THREE OAKS — The Three Oaks Village Planning Commission on July 6 approved three special land use permit/preliminary site plan approval requests for proposed marijuana-related businesses and recommended that the Village Council make changes to parking requirements in the Zoning Ordinance.
The special land use permit/preliminary site plan applications approved on July 6 were:
1. The Phase 2 (retail) portion of an application from Farnan Farms, LLC, at 7200 West U.S. 12, OK’d by planners after reviewing a traffic study compiled by the applicants focusing on the impact the establishment would have on those making left turns from U.S. 12 onto Schwark Road which indicated nearby left turn area off the highway such as the one to a nearby dollar store are likely already busier than Schwark Road would be with the retail business in place.
Planners approved Phase 1 of the proposed project at the 68-acre Enterprise Park (consisting of grow and processing operations) during their June 1 meeting.
2. A proposed cultivation/grow facility, marijuana processing center, and retail center at 6952 West U.S. 12. Applicant Joe Calandra said he operates a very similar facility in Southwest Colorado in an area with similar demographics to Three Oaks. He also said a greenhouse at the site is planned to give back to the community by growing flowers and food.
Concerns were raised about the impact the proposals would have on the village’s water and sewer systems. Calandra said “we’ll recapture the majority of our water and re-use as much of it as we can.”
Consultant Becky Harvey later noted that the village engineer reviews all such applications.
3. A proposed retail establishment at 23 West Ash St. A conditional rezoning from residential to C-1 Commercial for the front portion of the property was approved by the Village Council (after being recommended by the Planning Commission) earlier this year. Planners were told that a new “low-profile” building would be constructed at the site with 10 parking spaces.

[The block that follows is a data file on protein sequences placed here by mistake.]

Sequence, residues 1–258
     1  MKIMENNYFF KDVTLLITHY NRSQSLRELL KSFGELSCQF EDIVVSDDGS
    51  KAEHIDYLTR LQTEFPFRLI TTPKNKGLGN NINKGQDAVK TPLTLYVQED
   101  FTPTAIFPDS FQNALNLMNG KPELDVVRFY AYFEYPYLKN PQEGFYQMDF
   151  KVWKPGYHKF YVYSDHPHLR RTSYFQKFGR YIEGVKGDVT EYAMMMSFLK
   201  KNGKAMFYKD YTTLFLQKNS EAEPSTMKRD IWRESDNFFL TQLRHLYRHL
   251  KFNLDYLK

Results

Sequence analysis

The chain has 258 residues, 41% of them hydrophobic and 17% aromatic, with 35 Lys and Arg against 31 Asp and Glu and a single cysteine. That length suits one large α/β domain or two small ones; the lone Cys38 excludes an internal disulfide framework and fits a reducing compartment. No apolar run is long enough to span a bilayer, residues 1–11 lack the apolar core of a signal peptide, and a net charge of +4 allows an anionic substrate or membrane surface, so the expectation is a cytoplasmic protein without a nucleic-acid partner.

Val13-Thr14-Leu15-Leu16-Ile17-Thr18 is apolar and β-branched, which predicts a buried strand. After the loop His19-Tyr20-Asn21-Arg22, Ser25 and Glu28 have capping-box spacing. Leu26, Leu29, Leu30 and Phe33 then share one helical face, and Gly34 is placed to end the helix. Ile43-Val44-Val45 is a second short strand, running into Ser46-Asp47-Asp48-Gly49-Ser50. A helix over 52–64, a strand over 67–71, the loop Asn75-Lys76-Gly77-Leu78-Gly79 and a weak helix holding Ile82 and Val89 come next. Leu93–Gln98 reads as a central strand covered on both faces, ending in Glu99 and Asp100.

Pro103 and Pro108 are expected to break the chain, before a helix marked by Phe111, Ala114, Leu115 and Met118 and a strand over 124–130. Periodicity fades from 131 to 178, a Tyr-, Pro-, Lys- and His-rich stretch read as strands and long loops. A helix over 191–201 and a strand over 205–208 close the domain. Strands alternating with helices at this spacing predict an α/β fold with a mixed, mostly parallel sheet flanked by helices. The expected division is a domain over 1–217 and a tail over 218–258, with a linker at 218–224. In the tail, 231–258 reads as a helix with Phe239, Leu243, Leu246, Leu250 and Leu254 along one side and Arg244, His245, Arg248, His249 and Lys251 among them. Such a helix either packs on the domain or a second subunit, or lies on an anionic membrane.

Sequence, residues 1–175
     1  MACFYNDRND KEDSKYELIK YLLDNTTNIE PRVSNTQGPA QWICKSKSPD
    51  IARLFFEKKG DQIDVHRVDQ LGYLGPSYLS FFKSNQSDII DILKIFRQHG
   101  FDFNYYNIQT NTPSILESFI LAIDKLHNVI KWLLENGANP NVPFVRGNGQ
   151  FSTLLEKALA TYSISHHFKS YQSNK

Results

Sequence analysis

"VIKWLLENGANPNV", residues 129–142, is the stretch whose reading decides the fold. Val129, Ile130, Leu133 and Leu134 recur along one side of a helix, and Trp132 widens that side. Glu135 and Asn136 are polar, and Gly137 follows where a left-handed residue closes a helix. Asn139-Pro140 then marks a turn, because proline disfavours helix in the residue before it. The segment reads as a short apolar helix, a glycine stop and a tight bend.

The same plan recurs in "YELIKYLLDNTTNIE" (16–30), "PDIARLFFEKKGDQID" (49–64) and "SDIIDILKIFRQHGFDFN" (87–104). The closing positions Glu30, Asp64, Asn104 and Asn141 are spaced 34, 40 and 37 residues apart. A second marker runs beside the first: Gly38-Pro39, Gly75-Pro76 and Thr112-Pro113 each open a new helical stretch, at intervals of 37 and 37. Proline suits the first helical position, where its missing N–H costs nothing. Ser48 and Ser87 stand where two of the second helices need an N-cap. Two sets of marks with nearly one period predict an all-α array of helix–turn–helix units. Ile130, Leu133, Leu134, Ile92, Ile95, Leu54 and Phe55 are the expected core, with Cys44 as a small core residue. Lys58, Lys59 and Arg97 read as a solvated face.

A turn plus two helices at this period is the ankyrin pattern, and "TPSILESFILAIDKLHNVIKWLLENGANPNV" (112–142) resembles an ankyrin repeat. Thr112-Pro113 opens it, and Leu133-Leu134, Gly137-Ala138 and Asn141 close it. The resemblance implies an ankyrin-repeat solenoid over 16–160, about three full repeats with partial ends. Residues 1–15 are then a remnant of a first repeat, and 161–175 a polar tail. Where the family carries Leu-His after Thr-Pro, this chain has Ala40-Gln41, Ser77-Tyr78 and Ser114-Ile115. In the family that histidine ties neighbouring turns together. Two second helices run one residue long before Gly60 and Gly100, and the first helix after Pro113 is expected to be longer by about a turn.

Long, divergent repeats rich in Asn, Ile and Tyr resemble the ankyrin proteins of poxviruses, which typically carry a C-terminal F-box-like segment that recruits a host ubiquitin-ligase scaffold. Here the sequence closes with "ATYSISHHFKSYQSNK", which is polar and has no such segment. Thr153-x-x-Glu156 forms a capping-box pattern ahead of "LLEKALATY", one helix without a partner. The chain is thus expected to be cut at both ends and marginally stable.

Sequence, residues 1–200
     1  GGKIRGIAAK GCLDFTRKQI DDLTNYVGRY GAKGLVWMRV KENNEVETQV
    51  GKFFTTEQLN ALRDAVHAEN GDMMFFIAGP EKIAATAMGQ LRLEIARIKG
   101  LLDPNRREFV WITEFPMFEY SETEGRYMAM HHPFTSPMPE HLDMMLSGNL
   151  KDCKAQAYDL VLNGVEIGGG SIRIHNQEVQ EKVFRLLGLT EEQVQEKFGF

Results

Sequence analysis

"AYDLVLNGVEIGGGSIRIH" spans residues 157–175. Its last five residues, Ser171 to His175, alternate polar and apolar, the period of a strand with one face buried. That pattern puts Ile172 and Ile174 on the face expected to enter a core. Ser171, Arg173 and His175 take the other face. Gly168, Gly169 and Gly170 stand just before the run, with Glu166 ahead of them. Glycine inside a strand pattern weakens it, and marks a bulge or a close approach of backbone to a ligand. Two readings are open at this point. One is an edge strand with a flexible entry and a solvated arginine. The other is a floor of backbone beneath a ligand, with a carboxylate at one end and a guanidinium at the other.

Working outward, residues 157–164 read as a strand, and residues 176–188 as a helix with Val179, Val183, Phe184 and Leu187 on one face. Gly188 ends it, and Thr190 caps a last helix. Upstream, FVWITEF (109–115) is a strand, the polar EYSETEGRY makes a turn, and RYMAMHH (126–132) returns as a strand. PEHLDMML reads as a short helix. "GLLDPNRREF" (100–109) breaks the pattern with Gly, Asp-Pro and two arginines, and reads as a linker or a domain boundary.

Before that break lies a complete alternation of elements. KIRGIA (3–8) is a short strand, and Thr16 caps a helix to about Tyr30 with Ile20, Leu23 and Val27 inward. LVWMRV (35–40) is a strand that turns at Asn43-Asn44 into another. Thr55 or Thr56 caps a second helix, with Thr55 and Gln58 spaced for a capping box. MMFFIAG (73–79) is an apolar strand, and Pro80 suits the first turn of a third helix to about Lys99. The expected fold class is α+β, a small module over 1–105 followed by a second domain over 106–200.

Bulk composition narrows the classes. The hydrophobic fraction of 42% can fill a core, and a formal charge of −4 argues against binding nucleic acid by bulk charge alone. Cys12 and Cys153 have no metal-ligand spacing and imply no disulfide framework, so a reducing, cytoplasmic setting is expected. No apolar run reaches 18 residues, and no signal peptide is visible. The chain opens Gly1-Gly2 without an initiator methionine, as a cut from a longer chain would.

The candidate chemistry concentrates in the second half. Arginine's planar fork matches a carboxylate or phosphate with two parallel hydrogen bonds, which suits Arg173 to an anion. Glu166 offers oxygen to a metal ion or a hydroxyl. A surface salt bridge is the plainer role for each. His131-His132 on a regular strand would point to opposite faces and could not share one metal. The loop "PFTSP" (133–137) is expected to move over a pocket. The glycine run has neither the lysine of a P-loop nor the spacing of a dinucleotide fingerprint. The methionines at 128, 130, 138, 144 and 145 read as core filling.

Concerns about the site’s proximity to residences were raised during a public hearing on the 23 West Ash St. request, with one member of the public who lives nearby saying “I just don’t feel it’s appropriate.”
Harvey noted that “at this point in time, after looking at a proposed retail use, you can’t look at the retail use and say ‘This is putting a commercial use right in the middle of residential.’ That’s what you should have said … at the rezoning stage.”
A special Planning Commission meeting and public hearing was scheduled for 7 p.m. July 27 to consider a marijuana-related special land use permit/preliminary site plan application for a property at 6741 West U.S. 12.
After the meeting Harvey said there are about 10 applicants for marijuana-related businesses that have received preliminary approvals from the Planning Commission. The next step in the process, a bidding period, is scheduled for July 19-29. After that the Village Council will decide who receives licenses under the Marihuana Ordinance (the number of licenses in some areas is limited – for instance there is a maximum of two retail licenses allowed under the ordinance).
Also during the July 6 meeting, the Planning Commission recommended that the Village Council add an amendment to the existing Zoning Ordinance under Off-street Parking & Loading to include the following language: “The Planning Commission may approve a parking plan with more or fewer spaces than allowed/required in consideration of documentation from the applicant that the parking proposed on the site is sufficient to meet the parking needs of the patrons and employees of the proposed use.”
The recommendation grew out of planners’ experiences with a series of retail marijuana applications being unable to include what seemed like adequate parking for the expected number of customers and employees due to limitations imposed by the existing ordinance.